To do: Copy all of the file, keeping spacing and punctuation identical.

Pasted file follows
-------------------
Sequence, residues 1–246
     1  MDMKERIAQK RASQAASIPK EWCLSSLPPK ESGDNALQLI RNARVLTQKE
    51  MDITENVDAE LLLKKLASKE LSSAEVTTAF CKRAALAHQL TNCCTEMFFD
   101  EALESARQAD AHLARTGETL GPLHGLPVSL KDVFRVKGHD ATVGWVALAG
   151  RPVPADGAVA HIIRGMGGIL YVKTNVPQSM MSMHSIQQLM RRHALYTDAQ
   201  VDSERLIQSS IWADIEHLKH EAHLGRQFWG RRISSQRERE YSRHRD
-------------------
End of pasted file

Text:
Sequence, residues 1–246
     1  MDMKERIAQK RASQAASIPK EWCLSSLPPK ESGDNALQLI RNARVLTQKE
    51  MDITENVDAE LLLKKLASKE LSSAEVTTAF CKRAALAHQL TNCCTEMFFD
   101  EALESARQAD AHLARTGETL GPLHGLPVSL KDVFRVKGHD ATVGWVALAG
   151  RPVPADGAVA HIIRGMGGIL YVKTNVPQSM MSMHSIQQLM RRHALYTDAQ
   201  VDSERLIQSS IWADIEHLKH EAHLGRQFWG RRISSQRERE YSRHRD